A swarm of bees can seem like a serious buzzkill in spring, but one local beekeeper says Baltimore residents should not panic when they see hundreds of pollinators cluster together outside of a hive.
Here’s a few things to know about why bees congregate on the sides of trees and buildings and ways to keep yourself and family safe:
Why do bees swarm?
Bees are biologically meant to swarm in large groups on surfaces outside of a hive about once a year, usually in the springtime, said Charles DeBarber, a self-taught beekeeper who works with the Filbert Street Garden.
Amateur wildlife photographers celebrating Earth Day at the Maryland Zoo in Baltimore largely ignored the lions, crocodiles, chimpanzees and other exhibits — and instead turned their camera lenses up to the sky and down to the dirt to study and document Druid Hill Park’s natural residents.
Hives typically swarm in this manner because their home has become too crowded. The hive becomes cramped after the queen lays eggs and after the worker bees bulk up on the hive’s supply of nectar after winter ends — kind of like the bees are canning food for later, DeBarber said.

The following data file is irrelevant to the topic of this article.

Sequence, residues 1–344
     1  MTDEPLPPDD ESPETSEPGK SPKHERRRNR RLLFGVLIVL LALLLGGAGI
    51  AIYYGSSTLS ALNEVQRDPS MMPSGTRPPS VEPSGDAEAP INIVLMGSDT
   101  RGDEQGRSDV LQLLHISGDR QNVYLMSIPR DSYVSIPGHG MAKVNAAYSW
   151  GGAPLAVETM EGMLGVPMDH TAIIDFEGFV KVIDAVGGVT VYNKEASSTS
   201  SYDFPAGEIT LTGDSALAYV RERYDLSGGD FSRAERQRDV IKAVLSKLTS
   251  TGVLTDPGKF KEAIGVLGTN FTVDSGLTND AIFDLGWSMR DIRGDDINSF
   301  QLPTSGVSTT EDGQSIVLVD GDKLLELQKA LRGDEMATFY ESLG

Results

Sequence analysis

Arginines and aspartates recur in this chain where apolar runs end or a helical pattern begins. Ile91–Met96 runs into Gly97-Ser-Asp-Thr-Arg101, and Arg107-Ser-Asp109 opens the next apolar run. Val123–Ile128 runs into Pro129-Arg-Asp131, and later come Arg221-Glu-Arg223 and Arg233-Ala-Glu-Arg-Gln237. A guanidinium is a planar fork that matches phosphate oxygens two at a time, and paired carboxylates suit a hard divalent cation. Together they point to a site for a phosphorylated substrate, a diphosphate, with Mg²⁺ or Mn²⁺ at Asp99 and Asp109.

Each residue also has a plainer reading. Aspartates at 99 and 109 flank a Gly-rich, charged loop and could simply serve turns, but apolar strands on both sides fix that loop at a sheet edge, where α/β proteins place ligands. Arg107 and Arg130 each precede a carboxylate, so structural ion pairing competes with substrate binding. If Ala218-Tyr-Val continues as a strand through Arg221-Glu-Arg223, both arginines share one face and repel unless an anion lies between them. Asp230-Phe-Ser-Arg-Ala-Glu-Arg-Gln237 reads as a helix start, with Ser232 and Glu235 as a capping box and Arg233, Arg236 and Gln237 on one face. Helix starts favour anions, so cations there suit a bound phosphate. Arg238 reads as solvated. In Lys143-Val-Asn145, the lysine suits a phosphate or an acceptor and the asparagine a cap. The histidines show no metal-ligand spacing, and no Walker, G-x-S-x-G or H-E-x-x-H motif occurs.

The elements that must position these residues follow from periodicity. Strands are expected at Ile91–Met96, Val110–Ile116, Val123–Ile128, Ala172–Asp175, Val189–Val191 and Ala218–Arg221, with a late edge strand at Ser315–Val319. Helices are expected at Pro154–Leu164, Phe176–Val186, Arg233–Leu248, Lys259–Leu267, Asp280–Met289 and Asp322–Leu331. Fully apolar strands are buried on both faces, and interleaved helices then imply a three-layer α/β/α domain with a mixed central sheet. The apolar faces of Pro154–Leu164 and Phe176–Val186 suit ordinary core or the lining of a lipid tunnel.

Between the extra nectar and next generation of pollinators, the queen leaves to find new space, usually bringing about 60 percent of the hive with her. The swarm then gathers outside of the hive while “scout” bees search for a new home.
During this period, people may spot the swarms in exposed locations like on the sides of trees or buildings. However, honey bees are usually docile as a swarm, and typically move on within 24 to 72 hours, DeBarber said.
While many crops of grain are self-pollinating, most fruits, vegetables and nuts are dependent on pollination from insects such as bees, according to a study from the U.S. Department of Agriculture. However, bee populations have plummeted in recent years for a variety of reasons, including the use of pesticides that contain potent bee neurotoxins.
Still, bees occasionally swarm in locations that are problematic or possibly dangerous for people with bee sting allergies. In these cases, members of the public can call local beekeepers to come remove swarms for free to a better habitat.
DeBarber said he removed just such a swarm from Federal Hill Park Sunday before an Easter egg hunt was scheduled to begin.
Where to call?
In Baltimore, residents can call the Filbert Street Garden for bee swarm help at 443-594-2050.
Regional nonprofits like the Maryland State Beekeepers Association also keep lists of local beekeeping organizations that may be able to help when swarms begin to appear in April and May.
Beekeepers like DeBarber relocate swarms by hand into a special kind of box designed for bees, called a Langstroth box. DeBarber said he coaxes the bees into the box with bait or by moving the queen in first. Other beekeepers have been known to relocate bees using a vacuum with a wide hose.